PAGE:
Kostadinov got further than most who dream of pulling on the maroon. A lot further. His first-team involvement would be restricted to three pre-season outings and a goal. He may not have got the chance to run out at Tynecastle Park but he came ever so close to featuring for Heart of Midlothian at Murrayfield in the glamour friendly with Barcelona in July 2007.

“I remember when we came back [from the pre-season trip] we went back to train with the under-19s,” he told Hearts Standard. "When you come back from first-team experience to under-19s you feel like you are flying, physically, mentally, everything. You could do anything. You feel faster, stronger. They told us we had a friendly against a team from the lower divisions. If we played good, we will be in the squad for the friendly game against Barca so it was a massive, massive, massive surprise for us.

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“When the game came with Barcelona three players from Lithuania came so the players who came out of the squad were me, Dumitru and I think Matthew Park because these players were in our positions. So it was really disappointing because in my head I was thinking ‘my god, I'm going to be on the pitch with Barcelona!’. Even though I didn’t play I was in the stands then we went to the dressing room and saw Iniesta, Eto’o, Ronaldino. Even to see them it was a massive feeling.”

Audrius Ksanavicius, Ricardas Beniusis and Kestutis Ivaskevicius were the three Lithuanians drafted in ahead of the 2007/08 campaign. For Kostadinov, it was back to the youth team. There was an opportunity to go on loan to Cowdenbeath and another with Livingston which didn’t materialise. By the time Csaba Laszlo was leading Hearts to third place the following season, the forward had already decided his future lay away from Gorgie. A return to Bulgaria was “not a fixed idea” but an exciting project at Chernomorets Burgas, managed by Bulgarian footballing legend Krasimir Balakov, was presented to him.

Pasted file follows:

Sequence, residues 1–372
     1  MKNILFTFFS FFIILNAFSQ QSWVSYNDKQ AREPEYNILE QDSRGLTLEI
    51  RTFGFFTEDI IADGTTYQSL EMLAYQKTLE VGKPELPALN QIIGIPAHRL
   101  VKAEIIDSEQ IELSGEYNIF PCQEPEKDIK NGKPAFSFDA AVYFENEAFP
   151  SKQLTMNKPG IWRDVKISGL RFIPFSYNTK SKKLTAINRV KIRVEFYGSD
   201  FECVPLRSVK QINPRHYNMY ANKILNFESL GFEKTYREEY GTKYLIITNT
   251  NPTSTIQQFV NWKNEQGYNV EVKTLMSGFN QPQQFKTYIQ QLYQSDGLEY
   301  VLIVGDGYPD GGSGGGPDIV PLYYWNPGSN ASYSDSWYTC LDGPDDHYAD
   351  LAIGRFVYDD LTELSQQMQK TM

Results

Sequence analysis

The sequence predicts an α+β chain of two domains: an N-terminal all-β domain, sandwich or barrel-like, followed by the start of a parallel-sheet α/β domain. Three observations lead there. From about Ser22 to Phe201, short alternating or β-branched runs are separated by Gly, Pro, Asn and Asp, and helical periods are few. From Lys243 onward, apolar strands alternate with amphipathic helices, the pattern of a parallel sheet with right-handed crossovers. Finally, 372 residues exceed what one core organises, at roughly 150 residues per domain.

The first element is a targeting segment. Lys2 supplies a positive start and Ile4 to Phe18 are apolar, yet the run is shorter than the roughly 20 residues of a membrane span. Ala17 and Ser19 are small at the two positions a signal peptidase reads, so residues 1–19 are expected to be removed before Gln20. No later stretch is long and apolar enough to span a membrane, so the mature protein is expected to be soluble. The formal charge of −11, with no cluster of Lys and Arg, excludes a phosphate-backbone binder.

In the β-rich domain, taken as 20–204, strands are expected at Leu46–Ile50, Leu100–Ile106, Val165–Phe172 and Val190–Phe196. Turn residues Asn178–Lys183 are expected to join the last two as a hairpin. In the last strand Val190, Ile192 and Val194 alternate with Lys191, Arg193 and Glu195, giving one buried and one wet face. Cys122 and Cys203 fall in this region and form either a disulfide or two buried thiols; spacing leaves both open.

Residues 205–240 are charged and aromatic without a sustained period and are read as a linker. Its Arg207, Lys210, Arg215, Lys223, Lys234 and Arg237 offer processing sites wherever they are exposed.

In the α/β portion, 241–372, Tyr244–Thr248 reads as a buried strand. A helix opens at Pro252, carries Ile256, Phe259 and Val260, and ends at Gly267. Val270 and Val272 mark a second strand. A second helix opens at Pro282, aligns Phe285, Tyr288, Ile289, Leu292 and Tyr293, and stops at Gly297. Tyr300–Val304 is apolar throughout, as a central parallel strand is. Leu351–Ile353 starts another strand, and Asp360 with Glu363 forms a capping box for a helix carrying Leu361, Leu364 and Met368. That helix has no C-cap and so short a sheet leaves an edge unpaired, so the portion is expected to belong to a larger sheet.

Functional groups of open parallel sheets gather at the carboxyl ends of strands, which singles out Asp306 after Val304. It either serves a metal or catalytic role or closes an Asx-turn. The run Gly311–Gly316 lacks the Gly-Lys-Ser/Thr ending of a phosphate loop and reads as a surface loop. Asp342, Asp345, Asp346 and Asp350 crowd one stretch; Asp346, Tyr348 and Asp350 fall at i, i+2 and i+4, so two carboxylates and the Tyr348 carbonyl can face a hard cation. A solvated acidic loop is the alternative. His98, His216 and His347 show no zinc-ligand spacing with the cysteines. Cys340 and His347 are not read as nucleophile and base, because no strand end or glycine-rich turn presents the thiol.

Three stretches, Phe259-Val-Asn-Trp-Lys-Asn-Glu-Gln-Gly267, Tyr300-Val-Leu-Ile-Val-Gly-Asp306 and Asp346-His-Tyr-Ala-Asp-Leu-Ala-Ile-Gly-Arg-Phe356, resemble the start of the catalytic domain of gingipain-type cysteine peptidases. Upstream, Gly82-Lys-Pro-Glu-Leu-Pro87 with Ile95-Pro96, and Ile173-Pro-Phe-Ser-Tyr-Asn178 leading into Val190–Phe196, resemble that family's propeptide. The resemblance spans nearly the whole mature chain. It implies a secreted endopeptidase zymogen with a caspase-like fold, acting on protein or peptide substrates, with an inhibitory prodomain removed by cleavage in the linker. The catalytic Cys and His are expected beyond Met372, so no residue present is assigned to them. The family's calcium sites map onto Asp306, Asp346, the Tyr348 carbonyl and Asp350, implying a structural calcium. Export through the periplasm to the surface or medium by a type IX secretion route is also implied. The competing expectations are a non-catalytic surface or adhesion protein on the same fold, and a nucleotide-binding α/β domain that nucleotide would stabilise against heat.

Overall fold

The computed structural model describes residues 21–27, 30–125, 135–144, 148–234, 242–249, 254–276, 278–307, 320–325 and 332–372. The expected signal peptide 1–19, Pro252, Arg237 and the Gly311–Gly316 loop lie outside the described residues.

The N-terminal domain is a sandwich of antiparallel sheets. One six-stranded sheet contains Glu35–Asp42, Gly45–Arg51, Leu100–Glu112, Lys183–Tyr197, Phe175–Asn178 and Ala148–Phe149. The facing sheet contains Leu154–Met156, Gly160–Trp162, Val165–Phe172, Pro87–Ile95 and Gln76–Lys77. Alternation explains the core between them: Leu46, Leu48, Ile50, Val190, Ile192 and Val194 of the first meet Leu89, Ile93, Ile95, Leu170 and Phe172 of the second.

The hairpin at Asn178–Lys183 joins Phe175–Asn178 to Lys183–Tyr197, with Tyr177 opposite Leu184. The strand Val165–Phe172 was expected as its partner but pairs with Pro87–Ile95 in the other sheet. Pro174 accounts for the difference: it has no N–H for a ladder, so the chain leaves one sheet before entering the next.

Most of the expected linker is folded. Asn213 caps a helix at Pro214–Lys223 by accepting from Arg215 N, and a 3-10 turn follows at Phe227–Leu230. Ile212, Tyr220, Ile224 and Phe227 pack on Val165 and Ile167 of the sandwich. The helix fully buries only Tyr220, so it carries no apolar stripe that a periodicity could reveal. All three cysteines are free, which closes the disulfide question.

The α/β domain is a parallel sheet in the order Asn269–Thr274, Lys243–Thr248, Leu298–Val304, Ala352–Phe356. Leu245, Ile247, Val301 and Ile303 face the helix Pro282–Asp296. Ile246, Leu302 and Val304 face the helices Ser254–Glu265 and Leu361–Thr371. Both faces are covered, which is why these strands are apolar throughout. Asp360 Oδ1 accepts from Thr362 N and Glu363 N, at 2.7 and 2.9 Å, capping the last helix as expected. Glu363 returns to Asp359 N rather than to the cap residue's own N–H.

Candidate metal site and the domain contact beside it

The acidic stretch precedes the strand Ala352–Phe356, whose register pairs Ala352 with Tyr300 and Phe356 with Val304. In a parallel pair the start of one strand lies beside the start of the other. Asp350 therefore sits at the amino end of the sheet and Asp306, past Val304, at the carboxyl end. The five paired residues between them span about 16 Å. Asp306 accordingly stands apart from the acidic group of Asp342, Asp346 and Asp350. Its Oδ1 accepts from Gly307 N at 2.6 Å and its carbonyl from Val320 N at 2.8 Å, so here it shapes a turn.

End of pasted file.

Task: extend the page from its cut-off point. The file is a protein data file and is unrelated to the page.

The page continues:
“I wasn’t homesick, at this time my thoughts were English,” Kostadinov said. "It was difficult for me to explain something in Bulgarian because all the words were coming in English. In the position I was at the time, I didn’t want to stay because a lot of changes happened. I didn’t feel happy. At the time Csaba Laszlo was coach and I was training with the first-team in the last month. Me and a couple of other young players. We were training really good, I felt really good, I didn’t have any pressure because I knew I was going to go. When you don’t have pressure, you play and enjoy yourself. I remember he put me in the 20-player squad. When I went to the kitman ‘Goggsy’...”

At this point Kostadinov stopped with his story. He wanted to ask if Gordon Paterson, better known as ‘Goggsy’, was still at the club. “I remember his name and hope he is okay. This guy was awesome. He was so kind with everyone.”

He then continued with his story.